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Date of Award
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Thesis: EWU Only
Master of Science (MS) in Computer Science
Demand for intrusion detection systems (IDSs) has increased significantly due to the exponential increase of malignant activities and the shortage of trained network administrators. It is mandatory that an IDS aid network administrators in responding quickly to security threats in order to prevent or minimize damage to computer networks. Conventionally, knowledge-based or rule-based approaches are dominantly used for lntmsion detection tasks. Knowledge construction, especially for probabilistic knowledge, usually requires a large collection of significant representative samples. However, this is not always feasible due to the complex structures of input spaces of intrusive activities (this is the cause of the "base-fallacy problem''). This is further complicated by the accelerated rate of appearance of new malicious activities. Reviewing the taxonomy of detection approaches (anomaly and signature-based), various sensors (host-based and network-based), and system architecture (stand-alone and distributed), we believe that the ideal IDS should be distributed, intelligent (i.e. perceptual and adaptive) and heterogeneous. Consequently, artificial intelligence approaches are taken within the application domain of intrusion detection in general. LTl particular, a multi-agent system distributed over a computer network consisting of agents with various behaviors is studied. We also consider soft computing approaches due to their ability to handle perceptual information. The results from these agents are aggregated as a group decision. This provides fewer false-positives and improved classification compared to many IDSs that use a single detection method.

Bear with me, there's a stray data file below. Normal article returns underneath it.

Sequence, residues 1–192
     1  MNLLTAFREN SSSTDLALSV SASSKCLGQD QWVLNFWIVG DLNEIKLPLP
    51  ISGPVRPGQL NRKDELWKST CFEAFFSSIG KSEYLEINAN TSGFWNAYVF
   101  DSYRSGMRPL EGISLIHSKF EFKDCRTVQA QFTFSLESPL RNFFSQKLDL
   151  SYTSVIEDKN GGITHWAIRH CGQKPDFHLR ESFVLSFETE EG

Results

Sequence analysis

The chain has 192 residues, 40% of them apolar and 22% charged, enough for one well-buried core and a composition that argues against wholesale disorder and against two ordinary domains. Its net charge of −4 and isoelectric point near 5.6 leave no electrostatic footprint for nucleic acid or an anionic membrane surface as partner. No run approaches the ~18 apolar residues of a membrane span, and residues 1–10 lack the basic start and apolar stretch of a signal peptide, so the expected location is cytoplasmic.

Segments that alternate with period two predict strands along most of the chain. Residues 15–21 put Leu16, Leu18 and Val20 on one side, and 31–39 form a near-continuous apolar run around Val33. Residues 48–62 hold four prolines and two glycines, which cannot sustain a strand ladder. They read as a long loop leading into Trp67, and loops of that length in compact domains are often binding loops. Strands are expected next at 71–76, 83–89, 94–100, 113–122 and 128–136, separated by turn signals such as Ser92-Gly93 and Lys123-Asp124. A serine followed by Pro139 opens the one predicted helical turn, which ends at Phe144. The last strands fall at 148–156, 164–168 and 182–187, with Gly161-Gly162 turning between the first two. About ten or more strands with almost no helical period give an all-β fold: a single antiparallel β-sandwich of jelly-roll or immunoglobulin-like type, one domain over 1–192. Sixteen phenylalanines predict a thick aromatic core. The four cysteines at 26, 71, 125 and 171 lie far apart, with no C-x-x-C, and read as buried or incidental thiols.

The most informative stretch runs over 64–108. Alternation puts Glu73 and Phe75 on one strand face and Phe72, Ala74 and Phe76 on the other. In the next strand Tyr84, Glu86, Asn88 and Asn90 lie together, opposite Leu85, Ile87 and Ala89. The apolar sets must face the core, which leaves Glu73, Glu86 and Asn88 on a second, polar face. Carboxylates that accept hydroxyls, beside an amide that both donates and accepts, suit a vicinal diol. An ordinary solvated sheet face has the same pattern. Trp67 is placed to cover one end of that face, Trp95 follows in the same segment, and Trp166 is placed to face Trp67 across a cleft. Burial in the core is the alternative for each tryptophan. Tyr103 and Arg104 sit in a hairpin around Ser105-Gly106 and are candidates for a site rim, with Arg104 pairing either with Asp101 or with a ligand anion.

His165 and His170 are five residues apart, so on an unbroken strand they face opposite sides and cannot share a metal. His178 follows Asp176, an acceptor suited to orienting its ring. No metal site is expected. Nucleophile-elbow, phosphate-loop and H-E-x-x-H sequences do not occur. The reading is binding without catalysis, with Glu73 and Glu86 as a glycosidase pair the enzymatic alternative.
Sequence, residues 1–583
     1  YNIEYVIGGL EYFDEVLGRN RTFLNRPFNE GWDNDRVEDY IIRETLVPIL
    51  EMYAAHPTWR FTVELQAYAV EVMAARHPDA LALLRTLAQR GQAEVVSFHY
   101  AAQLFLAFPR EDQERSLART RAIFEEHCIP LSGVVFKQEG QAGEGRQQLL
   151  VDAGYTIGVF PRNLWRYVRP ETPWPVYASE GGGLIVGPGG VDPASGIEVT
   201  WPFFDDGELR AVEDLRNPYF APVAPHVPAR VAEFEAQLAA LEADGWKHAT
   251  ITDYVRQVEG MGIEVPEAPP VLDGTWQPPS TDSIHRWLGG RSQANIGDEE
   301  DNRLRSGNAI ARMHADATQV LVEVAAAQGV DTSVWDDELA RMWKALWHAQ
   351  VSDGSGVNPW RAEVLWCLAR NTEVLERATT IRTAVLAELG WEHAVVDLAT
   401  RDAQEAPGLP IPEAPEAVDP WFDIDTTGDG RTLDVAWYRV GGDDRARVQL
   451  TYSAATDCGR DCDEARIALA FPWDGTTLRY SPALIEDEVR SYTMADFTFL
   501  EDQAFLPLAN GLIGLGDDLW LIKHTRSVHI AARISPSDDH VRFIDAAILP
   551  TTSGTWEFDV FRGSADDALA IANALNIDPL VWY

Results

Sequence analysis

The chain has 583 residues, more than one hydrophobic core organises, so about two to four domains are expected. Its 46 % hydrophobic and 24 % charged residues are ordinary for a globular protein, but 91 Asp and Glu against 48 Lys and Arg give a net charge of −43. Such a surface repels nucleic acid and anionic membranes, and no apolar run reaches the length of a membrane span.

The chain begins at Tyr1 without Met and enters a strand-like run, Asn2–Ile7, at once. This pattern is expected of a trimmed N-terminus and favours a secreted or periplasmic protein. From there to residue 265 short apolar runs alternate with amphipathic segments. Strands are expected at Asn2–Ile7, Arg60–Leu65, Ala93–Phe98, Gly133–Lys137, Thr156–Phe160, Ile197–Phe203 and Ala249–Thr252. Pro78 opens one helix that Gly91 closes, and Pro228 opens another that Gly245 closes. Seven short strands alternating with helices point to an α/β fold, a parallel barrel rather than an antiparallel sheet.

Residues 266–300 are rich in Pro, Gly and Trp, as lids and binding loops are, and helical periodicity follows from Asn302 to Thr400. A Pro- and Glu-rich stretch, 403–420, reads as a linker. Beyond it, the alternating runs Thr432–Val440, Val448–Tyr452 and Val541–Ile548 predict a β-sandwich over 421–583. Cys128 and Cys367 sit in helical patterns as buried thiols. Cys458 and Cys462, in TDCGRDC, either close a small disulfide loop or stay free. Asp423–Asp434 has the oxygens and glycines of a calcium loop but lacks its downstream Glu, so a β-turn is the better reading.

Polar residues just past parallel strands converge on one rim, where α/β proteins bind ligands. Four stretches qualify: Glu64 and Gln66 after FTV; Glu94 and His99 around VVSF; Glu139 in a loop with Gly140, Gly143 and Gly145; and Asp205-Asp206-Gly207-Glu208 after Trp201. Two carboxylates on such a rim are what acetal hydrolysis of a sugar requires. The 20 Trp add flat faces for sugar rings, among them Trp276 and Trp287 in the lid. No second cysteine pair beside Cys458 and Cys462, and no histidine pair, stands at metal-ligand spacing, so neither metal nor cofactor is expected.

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Miller, Patrick, "Intrusion detection, intelligent agents, and soft computing" (2003). EWU Masters Thesis Collection. 828.